Whenever a city is considering expanding bicycle infrastructure, cycling advocates are met with resistance. The opposition regularly confronts them with arguments that question, and sometimes hinder, the promotion of cycling. These arguments are usually based on common misconceptions that can be easily refuted.
Let’s bust 10 of the most common cycling myths so that you’re ready to combat any ill-sourced argument.
Facts and figures refer to the German federal state Baden Wuerttemberg, based on the handout “Überzeugend Argumentieren – Handreichung für Radverkehrsbeauftragte” (Convincing arguments – handout for cycling officials) by AGFK Baden Wuerttemberg.
1. Cycling is dangerous
Cycling is really no more dangerous than any other mode of transport. Just take a look at the stats. Between 1990 and 1995, between 68 and 105 cyclists died due to fatal accidents in Baden-Wuerttemberg. Between 2010 and 2015, that number was reduced to between 42 and 53 cyclists. Also keep in mind that this decrease is alongside an increase in the number of overall cyclists, as well as the density of traffic.
When looking at children, only 1.6 out of 1000 children are affected by bike accidents on their way to school, compared to 2.4 in 1990. Nationwide, there were 107 fatal child bike riding accidents in 1990. In 2015, there were only 17.
Why is today the safest time to be cycling? Because we have plenty of data to determine the best routes for cyclers and problem areas to address. We also have a culture that encourages cyclists to wear bright clothing and helmets and add lights to their bikes. If you look at it in a holistic sense, cycling might be safer than riding a car due to the exercising of the cardiovascular system. Regular cycling increases life expectancy by three to 14 months.
2. Cyclists don’t obey traffic rules
Since cycling networks are often patchy and not self-explanatory, cyclists feel that they are not taken seriously. This leads to the typical rule violations, such as red-light violations or using the bike lanes in the opposite direction. These deliberate rule violations go hand in hand with ignorance.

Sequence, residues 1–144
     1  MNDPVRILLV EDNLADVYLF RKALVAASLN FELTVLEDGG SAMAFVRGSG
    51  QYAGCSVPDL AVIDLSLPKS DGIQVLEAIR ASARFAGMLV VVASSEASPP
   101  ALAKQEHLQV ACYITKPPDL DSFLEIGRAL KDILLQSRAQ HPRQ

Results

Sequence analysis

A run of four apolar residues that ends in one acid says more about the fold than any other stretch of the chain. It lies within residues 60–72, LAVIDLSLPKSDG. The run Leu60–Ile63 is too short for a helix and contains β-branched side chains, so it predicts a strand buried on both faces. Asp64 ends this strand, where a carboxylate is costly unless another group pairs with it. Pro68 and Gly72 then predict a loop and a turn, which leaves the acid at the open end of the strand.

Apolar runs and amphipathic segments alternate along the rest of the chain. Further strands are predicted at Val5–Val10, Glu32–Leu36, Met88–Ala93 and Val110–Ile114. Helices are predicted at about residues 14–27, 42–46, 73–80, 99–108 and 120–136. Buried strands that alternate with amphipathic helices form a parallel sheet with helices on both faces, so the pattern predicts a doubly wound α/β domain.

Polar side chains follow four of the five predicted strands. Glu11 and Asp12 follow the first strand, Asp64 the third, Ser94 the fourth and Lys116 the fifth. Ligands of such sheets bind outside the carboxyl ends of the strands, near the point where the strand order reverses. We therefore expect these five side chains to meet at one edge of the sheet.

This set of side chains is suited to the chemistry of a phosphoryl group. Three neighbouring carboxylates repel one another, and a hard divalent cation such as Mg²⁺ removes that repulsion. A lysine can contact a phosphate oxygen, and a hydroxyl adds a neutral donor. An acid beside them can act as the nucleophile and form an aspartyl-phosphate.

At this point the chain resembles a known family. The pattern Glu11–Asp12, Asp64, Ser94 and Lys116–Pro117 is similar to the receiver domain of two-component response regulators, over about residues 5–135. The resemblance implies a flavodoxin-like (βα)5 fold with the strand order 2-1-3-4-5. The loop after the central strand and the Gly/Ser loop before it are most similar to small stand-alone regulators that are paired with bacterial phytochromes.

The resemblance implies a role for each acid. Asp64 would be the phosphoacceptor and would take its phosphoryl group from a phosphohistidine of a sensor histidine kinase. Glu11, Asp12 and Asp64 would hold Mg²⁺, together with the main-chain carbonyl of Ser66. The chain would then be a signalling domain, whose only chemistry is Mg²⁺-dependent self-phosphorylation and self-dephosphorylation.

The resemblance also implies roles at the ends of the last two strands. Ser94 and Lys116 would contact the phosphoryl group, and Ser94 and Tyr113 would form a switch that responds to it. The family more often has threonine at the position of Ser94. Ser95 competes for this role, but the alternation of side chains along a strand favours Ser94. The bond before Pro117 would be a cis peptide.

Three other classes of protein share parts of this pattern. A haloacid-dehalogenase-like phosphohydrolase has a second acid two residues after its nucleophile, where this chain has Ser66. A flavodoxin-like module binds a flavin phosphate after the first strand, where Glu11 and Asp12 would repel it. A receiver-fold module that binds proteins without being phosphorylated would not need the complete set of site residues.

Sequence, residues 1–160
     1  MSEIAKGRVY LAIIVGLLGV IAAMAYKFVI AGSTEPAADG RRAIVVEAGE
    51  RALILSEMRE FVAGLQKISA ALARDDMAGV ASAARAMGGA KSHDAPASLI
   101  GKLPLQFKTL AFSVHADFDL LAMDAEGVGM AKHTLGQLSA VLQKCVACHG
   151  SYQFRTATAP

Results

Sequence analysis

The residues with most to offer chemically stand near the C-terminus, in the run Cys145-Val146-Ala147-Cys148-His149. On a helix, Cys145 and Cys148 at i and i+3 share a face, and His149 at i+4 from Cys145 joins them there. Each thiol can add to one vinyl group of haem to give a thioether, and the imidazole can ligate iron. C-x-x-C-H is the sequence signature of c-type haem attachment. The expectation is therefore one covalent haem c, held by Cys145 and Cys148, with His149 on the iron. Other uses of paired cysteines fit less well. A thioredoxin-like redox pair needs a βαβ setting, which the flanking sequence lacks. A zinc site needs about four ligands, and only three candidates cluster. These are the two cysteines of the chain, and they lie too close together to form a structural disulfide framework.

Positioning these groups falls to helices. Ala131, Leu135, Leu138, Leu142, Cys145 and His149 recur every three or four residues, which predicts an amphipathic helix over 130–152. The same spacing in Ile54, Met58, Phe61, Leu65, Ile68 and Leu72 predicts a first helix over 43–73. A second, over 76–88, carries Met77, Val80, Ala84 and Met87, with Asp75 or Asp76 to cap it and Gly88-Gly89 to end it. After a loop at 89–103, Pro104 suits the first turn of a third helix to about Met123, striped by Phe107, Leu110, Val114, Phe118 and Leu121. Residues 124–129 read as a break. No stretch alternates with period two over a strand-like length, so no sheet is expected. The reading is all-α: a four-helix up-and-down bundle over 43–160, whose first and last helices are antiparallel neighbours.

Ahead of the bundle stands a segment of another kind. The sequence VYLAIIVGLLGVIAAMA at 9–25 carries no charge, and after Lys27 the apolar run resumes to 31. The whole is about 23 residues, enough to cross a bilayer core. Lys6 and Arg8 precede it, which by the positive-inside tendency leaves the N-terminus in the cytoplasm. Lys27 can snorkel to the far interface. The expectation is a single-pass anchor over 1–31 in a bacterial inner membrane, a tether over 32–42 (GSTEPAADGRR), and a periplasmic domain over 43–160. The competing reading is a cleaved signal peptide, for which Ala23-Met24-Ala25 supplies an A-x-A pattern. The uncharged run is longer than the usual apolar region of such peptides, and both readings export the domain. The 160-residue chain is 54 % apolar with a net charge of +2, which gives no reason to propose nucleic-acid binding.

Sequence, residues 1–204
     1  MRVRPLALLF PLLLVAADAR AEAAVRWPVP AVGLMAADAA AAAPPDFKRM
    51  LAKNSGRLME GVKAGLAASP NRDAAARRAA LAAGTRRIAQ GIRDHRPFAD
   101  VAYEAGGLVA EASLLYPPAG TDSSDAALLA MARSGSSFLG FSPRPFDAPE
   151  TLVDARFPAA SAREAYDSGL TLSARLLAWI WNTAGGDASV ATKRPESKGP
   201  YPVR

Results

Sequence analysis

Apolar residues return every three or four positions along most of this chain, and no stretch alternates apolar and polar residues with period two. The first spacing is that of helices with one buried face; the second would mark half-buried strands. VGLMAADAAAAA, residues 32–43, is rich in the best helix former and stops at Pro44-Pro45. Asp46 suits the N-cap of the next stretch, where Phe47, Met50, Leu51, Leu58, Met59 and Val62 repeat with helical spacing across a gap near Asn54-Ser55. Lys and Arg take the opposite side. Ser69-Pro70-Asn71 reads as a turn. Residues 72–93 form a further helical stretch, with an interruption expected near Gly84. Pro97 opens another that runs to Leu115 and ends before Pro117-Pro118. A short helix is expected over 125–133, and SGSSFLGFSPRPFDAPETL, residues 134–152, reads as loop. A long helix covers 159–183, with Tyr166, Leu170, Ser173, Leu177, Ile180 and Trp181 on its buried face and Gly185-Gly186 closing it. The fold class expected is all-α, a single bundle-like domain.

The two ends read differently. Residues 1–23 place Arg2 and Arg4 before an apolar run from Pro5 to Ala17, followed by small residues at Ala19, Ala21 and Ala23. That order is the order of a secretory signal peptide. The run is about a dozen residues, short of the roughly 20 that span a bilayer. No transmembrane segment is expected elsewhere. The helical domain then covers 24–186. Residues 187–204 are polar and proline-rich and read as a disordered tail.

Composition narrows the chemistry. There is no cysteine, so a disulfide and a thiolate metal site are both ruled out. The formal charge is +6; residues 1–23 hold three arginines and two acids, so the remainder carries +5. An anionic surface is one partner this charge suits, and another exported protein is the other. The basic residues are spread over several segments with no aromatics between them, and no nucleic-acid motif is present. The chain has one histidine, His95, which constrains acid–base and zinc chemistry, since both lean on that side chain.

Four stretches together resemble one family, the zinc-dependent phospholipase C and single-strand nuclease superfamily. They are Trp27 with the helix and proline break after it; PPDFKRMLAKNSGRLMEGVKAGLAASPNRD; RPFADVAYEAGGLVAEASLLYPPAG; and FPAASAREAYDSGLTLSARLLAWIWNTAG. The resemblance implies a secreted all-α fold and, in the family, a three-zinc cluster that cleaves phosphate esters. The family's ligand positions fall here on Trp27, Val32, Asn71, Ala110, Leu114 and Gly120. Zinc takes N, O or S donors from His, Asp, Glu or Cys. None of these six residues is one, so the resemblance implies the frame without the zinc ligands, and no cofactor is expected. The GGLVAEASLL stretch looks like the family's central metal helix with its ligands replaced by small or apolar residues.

Although surveys show that 95% of respondents believe they are well informed about traffic rules, knowledge gaps exist in various areas of regulations for cycling, particularly around the subject of compulsory use of cycling lanes. This perhaps says more about a lack of coherent messaging about bicycle road safety than it does about the blatant recklessness of cyclists.
It also implicates, in many cases, a lack of cycling infrastructure. Many cyclists ride on the sidewalk because crossing aids are missing or because they don’t feel safe riding on the street. This creates a vicious cycle: The fewer cyclists ride on the street, the less the coexistence with motor vehicle traffic is normalized. There are many strategies cities can use to ensure better road safety compliance, including reducing waiting times at red lights and ensuring that traffic space for cyclists is self-explanatory.
3. A 30 km/h speed won’t make roads safer for bikes, it’ll only cause inefficiency
It might sound counterintuitive, but by decreasing speed limits from 50 km/h to 30 km/h, trips end up taking the same amount of time. The difference is, it makes the roads much safer for cyclists.
The difference in speed is entirely relative to the number of intersections and traffic signals. The more often a vehicle must stop at a traffic light, the lower the influence of the speed limit on travel time. Therefore, we can dispense with the idea that high car speeds equals more efficiency and instead recognize the importance of high quality of traffic for all road users.
A key benefit of 30 km/h speed limit is that it levels out the speeds of bicycle and motor vehicle traffic, leading to increased acceptance of the lane guidance by motorized and non-motorized traffic, better traffic continuity and reduced consequences of accidents due to lower speed differences.
4. Protected bike lanes means less parking spaces for cars
Not exactly. Parking spaces can be created by reducing the width of car lanes, making the protected bike lanes part of the roadway. And by having protected bike lanes, cars coming out of parking spots are more likely to pay attention to the presence of cyclists on the road, thus reducing accidents.
5. If a street isn’t being used by cyclists, bike lanes shouldn’t be built.
Since the beginning of cycling promotion in the 1970s and 1980s, the guiding principle has been that cycling promotion is supply planning. The significant increase in cyclists in many cities confirms this strategy. In short, building new cycling connections and reallocating road space for cycling infrastructure leads to an increase in cyclists. A before-and-after study in Karlsruhe demonstrated an increase of 800 cyclists to 1,200 cyclists on a street with a new protective lane. This corresponds to an increase of 50%.